Early honeymoon, then pupils switch off

22nd January 2010 at 00:00
Study finds S1 enthusiasm does not last, so what can be done?

Original paper headline: Early honeymoon, then pupils switch off, study finds

Many pupils are turned off secondary school within just six months of arriving - and there may be little schools can do about it.

These startling findings from an extensive study by St Andrews University, which tracked 400 pupils from 19 primaries in Fife as they moved into four separate secondaries, will reinforce the continuing concerns about how to motivate youngsters and raise their attainment after they transfer from primary.

The most recent pronouncement, by HMIE in its Improving Scottish Education review of 2005-08, concluded that "S1-2 remains the phase of education that adds least value to the progress and achievements of many young people".

The St Andrews study looked at five indicators to check on how pupils were progressing and performing - school commitment, school belonging, school participation, self-esteem and well-being.

It then applied nearly 20 factors, directly or indirectly related to the school, ranging from hobbies to happiness, to check on the impact they made on the five outcomes. This was done four times - twice in P7 and twice in S1.

According to Vivienne Horobin, who conducted the research, "the most striking finding was that, contrary to expectations, children recorded an improvement in school commitment, school belonging, self-esteem and well- being immediately after moving to secondary school. Only school participation, describing involvement in class activities as well as in extra-curricular activities, showed a sharp decline at this time".

But after the initial "honeymoon period" immediately after the pupils moved to secondary school, their attitudes began to deteriorate significantly. And the research found that, while the actual process of transition was well managed, pupils began to be heavily affected very quickly by their family backgrounds and sense of worth.

These are factors largely beyond the school's control. The study notes, for example, that participation in school activities is strongly influenced by personal qualities, so that those who are motivated, academically able, resilient and aspirational do well. But these attributes make less of an impact as pupils move into the later stages of S1, the study found.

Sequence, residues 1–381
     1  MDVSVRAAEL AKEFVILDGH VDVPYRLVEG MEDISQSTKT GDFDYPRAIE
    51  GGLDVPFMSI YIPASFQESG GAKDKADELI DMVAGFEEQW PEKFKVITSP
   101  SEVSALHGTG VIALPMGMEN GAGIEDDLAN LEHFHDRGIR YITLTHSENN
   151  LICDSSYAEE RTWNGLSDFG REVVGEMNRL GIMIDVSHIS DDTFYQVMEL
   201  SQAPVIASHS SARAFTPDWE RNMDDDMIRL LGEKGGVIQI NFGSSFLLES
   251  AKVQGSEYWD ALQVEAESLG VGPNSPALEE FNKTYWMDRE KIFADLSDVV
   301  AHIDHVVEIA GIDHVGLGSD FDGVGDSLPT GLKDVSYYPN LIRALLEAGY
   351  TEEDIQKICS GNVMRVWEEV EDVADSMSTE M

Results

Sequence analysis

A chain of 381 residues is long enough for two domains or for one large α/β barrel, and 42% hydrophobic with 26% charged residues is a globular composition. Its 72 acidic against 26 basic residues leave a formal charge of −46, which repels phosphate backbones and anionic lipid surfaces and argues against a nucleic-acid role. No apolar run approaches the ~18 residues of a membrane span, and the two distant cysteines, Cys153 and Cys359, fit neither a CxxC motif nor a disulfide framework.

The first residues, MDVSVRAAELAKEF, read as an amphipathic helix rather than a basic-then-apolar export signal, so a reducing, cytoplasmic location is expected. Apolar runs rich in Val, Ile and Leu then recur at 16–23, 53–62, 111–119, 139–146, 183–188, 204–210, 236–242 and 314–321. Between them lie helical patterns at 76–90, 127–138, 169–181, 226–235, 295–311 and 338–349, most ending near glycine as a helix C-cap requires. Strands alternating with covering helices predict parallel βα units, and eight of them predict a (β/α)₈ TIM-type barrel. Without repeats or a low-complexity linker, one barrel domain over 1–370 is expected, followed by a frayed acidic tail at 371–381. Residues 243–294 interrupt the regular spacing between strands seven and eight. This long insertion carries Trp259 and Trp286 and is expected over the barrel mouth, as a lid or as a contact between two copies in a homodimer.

Other findings underline the complex inter-relationship of influences on 13 and 14-year-olds, such as the fact that children with siblings tend to have higher self-esteem but that this diminishes in S1 classes which have high numbers of pupils from deprived areas.

Dr Horobin called for induction programmes to prepare S1 pupils for the new teaching methods they might encounter. Other initiatives, such as developing their coping skills and resilience, should also be tried out, she added, perhaps even in primary school.

The S1-2 story

  • pupils' average score in mathematics and science in S2 has declined since 2003, returning to 1995 levels - Trends in International Maths and Science Survey
  • only 50 per cent of young people in S2 had well-established skills in reading and numeracy, while standards in writing remained static - Scottish Survey of Achievement
  • just 30 per cent of S2 pupils had well-established skills in maths, compared with 47 per cent in P7 - Scottish Survey of Achievement
  • school inspections of English find that most young people who have not reached the standard for their stage by the end of S2 have improved well from their previous levels of attainment - HMIE
  • in S1-2, many schools have still to monitor progress and standards in a rigorous and systematic way - HMIE
  • improving attainment for those in S1-2, for boys and for those who are looked after at home are particular priorities - HMIE.

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